So code4lib2009 was a whole lot of fun. The amazing thing about the conference isn’t really reflected in the program of talks. I feel like I can say that since I was one of them.

The real value is the social space and the time to talk to people you’ve seen online, throw around ideas, get background/contextual information on projects, etc. Hats off to Jean Rainwater and Birkin Diana for picking an beautifully casual and intimate hotel to hold the conference in.

It’s taken me a few days to get some perspective on all that happened. In the meantime I’ve read a few accounts that capture important aspects of the event from: Terry Reese, Jon Phipps, Jay Luker, Declan Fleming, Richard Wallis (1,2,3), Dan Chudnov, Gabe Farrell.

The Linked Data Pre-conference was quite valuable. For one it gave attendees some experience in what it means to publish data in a distributed way, and to write code to aggregate it using a attendees/FOAF experiment. Mike Giarlo aptly surmised from this that the key points for teaching beginners about linked data are that:

  1. Validators are essential
  2. You are not your FOAF

In other words:

  1. Am I doing this rdf/xml, turtle, rdfa right?
  2. ZOMG, httpRange-14!

Ian Davis presented the basics of RDF for people who are already familiar with traditional data management. Apparently Ian’s slides hit #1 for the day on SlideShare, which highlights the interest in linked data that is percolating through the Web. The pre-conf was very well attended as well.

Some folks like Jonathan Brinley and Michael Klein were able to hack on a Supybot Plugin to work with the FOAF data generated by the crawler. I also got chatting with William Denton about the potential of linked data for FRBR/RDA efforts. Unfortunately I didn’t hear about Alistair Miles’ new project on google-code for exploring the translation of traditional MARC/MODS into RDA/FRBR until after the event. Most of the other slides from presenters at the pre-conf are available from the wiki page.

I was really struck by some of the issues that Dan Chudnov raised in his talk about Caching and Proxying Linked Data right before lunch. In particular his comparison of the Linking Open Data Cloud to what libraries understand as their ready reference collection:

See p.9 of Dan’s slides

Dan explored how we need to think about the technical and administrative details of managing linked-data if linked-data is to be taken seriously by the library community. Relatedly the pre-conf gave me an opportunity to publicly apologize to Anders Söderbäck for yanking offline in such an abrupt manner, and disturbing his links from subject authority records at to Dan’s ideas for consuming library linked data and Anders and mine experience publishing library linked data gelled nicely in my brain. Similar ideas from Jon Phipps (one of the authors of Best Practice Recipes for Publishing RDF Vocabularies) have led me to believe this could be a nice little area for some research.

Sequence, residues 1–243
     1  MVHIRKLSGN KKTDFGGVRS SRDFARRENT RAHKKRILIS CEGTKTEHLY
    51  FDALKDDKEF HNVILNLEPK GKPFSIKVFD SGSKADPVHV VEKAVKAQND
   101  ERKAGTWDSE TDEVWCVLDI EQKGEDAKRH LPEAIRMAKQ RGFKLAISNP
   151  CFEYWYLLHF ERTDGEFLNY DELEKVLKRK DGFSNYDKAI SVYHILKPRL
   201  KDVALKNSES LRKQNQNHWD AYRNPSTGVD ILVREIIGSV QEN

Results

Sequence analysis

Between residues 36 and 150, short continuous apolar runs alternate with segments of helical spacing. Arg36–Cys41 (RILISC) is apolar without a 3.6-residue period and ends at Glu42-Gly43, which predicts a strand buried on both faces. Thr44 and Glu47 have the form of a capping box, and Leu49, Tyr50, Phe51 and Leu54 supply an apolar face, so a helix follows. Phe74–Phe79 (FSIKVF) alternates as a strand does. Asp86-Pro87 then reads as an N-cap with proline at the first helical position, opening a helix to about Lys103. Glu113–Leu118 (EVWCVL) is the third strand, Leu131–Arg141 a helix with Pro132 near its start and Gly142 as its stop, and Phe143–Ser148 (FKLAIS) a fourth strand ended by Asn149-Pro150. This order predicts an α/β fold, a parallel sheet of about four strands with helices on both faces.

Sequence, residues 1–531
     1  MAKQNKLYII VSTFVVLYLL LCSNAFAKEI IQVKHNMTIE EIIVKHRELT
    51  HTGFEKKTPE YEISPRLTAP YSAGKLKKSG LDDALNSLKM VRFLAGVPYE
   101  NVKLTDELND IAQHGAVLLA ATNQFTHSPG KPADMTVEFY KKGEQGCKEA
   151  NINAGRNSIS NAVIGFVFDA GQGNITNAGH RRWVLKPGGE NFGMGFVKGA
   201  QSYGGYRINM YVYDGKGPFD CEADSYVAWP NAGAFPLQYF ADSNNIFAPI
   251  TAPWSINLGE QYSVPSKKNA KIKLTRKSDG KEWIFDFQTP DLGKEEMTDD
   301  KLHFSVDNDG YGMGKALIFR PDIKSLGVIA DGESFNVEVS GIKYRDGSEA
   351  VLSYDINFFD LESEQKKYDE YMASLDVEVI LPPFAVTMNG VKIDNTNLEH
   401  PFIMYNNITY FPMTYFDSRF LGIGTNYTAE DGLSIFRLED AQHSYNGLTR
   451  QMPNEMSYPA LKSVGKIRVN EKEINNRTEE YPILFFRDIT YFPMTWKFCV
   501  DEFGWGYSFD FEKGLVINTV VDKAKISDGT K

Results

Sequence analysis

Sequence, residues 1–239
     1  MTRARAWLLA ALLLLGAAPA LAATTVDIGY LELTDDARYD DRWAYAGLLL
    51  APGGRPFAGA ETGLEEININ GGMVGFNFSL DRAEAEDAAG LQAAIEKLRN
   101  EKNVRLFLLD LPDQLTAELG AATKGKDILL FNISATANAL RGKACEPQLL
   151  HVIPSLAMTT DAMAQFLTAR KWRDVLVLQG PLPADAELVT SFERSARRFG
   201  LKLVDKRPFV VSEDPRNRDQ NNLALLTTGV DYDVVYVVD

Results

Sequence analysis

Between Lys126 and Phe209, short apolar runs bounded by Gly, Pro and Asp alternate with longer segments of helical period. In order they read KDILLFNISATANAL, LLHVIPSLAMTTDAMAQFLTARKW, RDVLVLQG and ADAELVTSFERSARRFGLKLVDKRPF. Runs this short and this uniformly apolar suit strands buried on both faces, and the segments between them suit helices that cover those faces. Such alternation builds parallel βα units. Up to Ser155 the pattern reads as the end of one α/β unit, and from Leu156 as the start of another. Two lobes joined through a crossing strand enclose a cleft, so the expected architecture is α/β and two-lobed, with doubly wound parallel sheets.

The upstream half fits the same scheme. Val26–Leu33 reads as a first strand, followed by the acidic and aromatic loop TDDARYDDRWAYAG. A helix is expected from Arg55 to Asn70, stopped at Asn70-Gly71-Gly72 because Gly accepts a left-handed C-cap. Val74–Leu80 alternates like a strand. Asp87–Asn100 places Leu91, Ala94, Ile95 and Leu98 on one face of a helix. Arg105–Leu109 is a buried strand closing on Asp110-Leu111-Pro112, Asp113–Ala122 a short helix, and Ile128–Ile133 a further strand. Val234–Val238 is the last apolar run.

Prepping for the pre-conference itself was good fun, since it led me to discover a series of connections between the early development of the www and Brown University (where the conference was being held) and the history of hyperdata/text: in a nutshell it was Tim Berners-Lee’s proposal for the web -> Dynatext -> Steve DeRose -> Andy van Dam -> Hypertext Editing System -> Ted Nelson -> Doug Engelbart -> Vannevar Bush. Yeah, I guess you had to be there … or maybe that didn’t help. At any rate the slides, complete with breakdancing instructions are available.

I haven’t even started talking about the main event yet. The things I took away from the 3 days of presentations and talks, in no particular order were:

  • I want to learn more about the Author-ID effort that Geoffrey Bilder talked about
  • Stefano Mazzocchi’s keynote and Sean Hannan’s presentation convinced me that I need to understand and play with Freebase’s JavaScript application development environment Acre and the sparql-ish, query by example Metaweb Query Language (MQL). It seems like Freebase is exploring some really interesting territory in building a shared knowledge base of machine readable, human editable data, which can sit behind a seemingly infinite amount of web presentation layers.
  • Terence Ingram’s presentation, Ross Singer’s presentation about Jangle, me and Mike’s SWORD presentation, and a chat with Fedora/REST proponent Matt Zumwalt, and hearing about the Talis Platform have convinced me that real REST has got mind-share and traction in the library technology world.
  • Ian Davis’ keynote on the second day captured for me, the constant challenge it is to stay true to the roots of the web, and how important it is to stay true to them. It was really interesting to hear how he emphasized the importance of data over code, and the necessity for decentralization compared with the centralization.
  • Chatting with Jodi Schneider and William Denton and listening to their presentation made me want to understand RDA and FRBR at a practical level. This includes getting into the vocabularies that are being developed, and trying to convert some data. The history of FRBR in particular as told by Bill is also a gateway into a really fascinating history of cataloging. Also the work that Diane Hillman and Jon Phipps have been doing to enable vocabulary development like RDA/FRBR seems really important to keep abreast of.

More tidbits will probably float into my blog or into my tweets over the coming weeks, as the beer wears off, and the ideas sink in. But for now I’ll leave you with some of my favorite photos from the conference. It’s the people that makes code4lib what it is. It was great to connect up, and meet new folks in the field.


Oh and in case you missed it, the tweetstream and the other fine photos.